Green Economy

A Third of All States Now Have Benefit Corp Laws

A primer on the difference between B Corps and Benefit Corps
Copyright B Lab (bcorporation.net)
Last month, the state of Nevada became the 17th state to pass legislation enabling businesses to incorporate as benefit corporations. There are nearly a dozen other states considering legislation, illustrating just how rapidly this idea has spread since Maryland became the first to pass legislation in April 2010. Legislatures in all corners of the U.S. have supported this concept overwhelmingly. This widespread acceptance of a need for a corporation that is motivated by more than just profit is an intriguing trend especially as other environmental and economic trends continue to move in the opposite direction.

Worker Co-op New Era Windows Opens For Business

From sit-down strikes to state subsidies
Photo courtesy of Brendan Martin/The Working World

Last week, the New Era Windows cooperative celebrated its opening in a former Campbell’s Soup building in Chicago, the culmination of a hard-fought struggle by workers to save their livelihoods. Their well-documented struggle began in 2008 when the workers of Republic Windows and Doors occupied the factory to keep it from closing, attracting national attention. Read more about Worker Co-op New Era Windows Opens For Business...

Green for All, Albuquerque

Green for All, Albuquerque is the local chapter of a nationwide program aiming to implement scaled green job programs that provide a pathway out of poverty for low-income individuals and minority communities. To date, Green for All has brought together community partners to lead the Albuquerque Clean-Energy Careers Campaign to create city-wide comprehensive high-road clean-energy programs and policies. A key component of this program would be the use of a property-assessed clean-energy (PACE) financing mechanism that provides up-front capital for energy efficiency projects that is paid back through subsequent savings on participants’ property taxes.

Done Right, Eliminating Food Deserts Result in Community Oases

Building community wealth every step of the way
Pogue’s Run Grocer Mural, an initiative of the Indy Food Co-op. © Indy Food Co-op
Building healthy, vibrant and sustainable communities requires more than “bottom up” solutions. The importance of community ownership to ensure that projects that start at the bottom result in lasting community wealth for the people involved is often missing from the discussion. The local foods movement provides examples that illustrate the importance of this ownership principle in practice.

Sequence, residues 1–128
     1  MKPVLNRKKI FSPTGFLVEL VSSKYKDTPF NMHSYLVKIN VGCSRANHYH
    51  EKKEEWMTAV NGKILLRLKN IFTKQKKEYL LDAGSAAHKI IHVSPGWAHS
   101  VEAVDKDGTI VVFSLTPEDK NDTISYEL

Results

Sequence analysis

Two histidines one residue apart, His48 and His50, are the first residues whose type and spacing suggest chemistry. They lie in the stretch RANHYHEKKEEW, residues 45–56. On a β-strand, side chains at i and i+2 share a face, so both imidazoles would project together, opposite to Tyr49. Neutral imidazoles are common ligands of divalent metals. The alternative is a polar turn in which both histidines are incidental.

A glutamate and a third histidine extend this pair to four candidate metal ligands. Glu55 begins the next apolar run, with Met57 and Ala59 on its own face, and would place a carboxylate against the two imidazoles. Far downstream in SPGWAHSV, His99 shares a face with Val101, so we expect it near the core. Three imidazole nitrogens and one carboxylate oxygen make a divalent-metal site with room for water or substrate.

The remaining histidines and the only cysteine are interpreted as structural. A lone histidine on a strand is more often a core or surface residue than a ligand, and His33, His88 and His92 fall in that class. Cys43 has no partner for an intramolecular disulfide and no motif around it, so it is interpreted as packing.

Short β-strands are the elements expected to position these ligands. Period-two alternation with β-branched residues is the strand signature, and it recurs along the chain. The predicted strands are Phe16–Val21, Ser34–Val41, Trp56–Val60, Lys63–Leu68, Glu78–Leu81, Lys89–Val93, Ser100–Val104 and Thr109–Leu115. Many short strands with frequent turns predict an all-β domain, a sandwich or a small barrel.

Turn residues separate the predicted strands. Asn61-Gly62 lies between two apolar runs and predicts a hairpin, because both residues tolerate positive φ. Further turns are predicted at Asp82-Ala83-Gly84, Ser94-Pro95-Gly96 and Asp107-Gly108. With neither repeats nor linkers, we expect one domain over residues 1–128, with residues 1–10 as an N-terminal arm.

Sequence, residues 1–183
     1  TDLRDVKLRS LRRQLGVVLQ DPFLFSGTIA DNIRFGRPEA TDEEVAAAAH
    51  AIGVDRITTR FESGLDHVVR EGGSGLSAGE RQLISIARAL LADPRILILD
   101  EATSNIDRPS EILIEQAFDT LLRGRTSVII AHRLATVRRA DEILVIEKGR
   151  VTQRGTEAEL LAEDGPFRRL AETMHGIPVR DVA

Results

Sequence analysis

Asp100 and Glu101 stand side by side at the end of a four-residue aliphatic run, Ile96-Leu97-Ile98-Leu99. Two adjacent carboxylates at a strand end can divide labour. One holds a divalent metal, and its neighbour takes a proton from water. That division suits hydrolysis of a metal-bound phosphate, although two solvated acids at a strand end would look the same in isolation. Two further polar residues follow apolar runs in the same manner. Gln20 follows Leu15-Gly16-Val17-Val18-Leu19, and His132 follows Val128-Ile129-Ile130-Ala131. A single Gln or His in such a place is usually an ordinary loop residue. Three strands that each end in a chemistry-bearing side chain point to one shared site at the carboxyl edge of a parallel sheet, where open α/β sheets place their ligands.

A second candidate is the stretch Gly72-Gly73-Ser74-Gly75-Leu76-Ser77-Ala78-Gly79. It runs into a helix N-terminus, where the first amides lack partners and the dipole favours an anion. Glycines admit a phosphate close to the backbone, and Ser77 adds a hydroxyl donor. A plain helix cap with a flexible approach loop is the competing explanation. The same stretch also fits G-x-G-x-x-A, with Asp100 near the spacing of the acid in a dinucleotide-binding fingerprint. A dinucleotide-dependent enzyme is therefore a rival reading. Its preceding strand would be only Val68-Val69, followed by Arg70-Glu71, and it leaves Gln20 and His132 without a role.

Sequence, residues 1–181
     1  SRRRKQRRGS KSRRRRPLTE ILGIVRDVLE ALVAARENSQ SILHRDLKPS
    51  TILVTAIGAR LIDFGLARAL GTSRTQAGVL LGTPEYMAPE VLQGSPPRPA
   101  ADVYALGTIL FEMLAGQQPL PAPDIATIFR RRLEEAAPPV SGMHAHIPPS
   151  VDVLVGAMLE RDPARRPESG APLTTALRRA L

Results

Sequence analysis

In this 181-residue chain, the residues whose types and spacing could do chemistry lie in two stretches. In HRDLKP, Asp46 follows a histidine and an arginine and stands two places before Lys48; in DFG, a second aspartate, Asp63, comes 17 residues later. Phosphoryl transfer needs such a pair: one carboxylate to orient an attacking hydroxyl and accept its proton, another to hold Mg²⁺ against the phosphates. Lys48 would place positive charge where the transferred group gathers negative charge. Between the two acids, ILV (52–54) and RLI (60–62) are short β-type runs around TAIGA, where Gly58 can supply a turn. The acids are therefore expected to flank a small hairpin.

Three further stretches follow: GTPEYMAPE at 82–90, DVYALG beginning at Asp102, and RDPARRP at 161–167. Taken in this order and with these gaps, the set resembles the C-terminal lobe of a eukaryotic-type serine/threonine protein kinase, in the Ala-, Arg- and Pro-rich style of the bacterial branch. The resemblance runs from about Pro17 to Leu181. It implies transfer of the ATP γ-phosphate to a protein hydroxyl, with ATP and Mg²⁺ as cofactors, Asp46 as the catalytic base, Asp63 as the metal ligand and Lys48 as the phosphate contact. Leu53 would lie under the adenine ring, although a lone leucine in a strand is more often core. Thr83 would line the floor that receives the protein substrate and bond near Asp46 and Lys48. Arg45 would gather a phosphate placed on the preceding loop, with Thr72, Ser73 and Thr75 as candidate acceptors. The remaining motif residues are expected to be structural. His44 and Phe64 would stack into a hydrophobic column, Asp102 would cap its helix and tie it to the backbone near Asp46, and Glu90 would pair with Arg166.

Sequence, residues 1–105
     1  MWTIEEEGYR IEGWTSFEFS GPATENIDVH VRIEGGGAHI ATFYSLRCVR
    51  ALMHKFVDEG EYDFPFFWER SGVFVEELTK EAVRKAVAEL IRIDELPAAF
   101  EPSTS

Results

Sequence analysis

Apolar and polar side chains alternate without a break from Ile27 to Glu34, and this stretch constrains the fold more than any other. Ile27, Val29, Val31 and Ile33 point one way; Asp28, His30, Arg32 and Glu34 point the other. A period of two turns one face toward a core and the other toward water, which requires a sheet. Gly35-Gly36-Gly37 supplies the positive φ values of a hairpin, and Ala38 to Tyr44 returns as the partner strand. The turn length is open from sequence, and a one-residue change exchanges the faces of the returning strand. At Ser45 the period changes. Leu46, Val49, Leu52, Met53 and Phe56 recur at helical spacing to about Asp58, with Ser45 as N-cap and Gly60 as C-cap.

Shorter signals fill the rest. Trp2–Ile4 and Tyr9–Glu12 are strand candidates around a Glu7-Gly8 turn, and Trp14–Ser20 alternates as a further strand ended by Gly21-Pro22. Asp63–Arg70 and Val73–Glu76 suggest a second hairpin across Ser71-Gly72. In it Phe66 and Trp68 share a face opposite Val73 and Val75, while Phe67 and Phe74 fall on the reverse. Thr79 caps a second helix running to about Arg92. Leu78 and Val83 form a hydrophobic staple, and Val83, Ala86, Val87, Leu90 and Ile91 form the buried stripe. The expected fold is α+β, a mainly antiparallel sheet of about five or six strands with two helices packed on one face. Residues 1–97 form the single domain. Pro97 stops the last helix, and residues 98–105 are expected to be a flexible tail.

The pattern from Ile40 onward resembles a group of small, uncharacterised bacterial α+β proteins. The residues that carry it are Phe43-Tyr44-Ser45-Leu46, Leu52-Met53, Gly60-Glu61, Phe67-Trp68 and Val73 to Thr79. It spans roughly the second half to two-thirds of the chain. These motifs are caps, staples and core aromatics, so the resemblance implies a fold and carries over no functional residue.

Rob Witherell

This month we interviewed Rob Witherell, representative for the United Steelworkers union in Pittsburgh, Pennsylvania. In addition to working on contract negotiations, benefits analysis, research and organizing, Witherell has also led the United Steelworkers’ efforts on developing union co-ops and is the union’s lead liaison with the Mondragón Cooperative Corporation. In this interview, Witherell discusses what elevated co-op organizing to the top of the Steelworker agenda, commonalities between labor unions and cooperatives, how the union co-op model will work, what its challenges will be, and key accomplishments of the movement to date.

Creating Equitable, Healthy, and Sustainable Communities: Strategies for Advancing Smart Growth, Environmental Justice, and Equitable Development

Megan McConville

A new report from the Environmental Protection Agency’s Office of Sustainable Communities examines how communities across the country are integrating smart growth, environmental justice, and equitable development approaches to design and build healthy, sustainable, and inclusive neighborhoods. Author Megan McConville offers a range of examples from low-income, minority, tribal, and overburdened communities that illustrate ways community groups can shape development to better respond to their needs and their values.

Greener Reality: Jobs Skills and Equity in a Cleaner US Economy

Sarah White

The Center on Wisconsin Strategy’s (COWS) latest report is the third in a series that looks at what works (and what does not) in the green economy. Author Sarah White argues for a more coherent, cross-sectoral and broad-based approach to developing human capital and greening community economic development that is driven by equity, democratic participation, and sustainability. After reviewing the current gloomy realities of green politics, the report offers a number of possible interventions — highlighting best practices and lessons learned — that bring together workers, employers, industry and training systems in and out of typical clean energy sectors.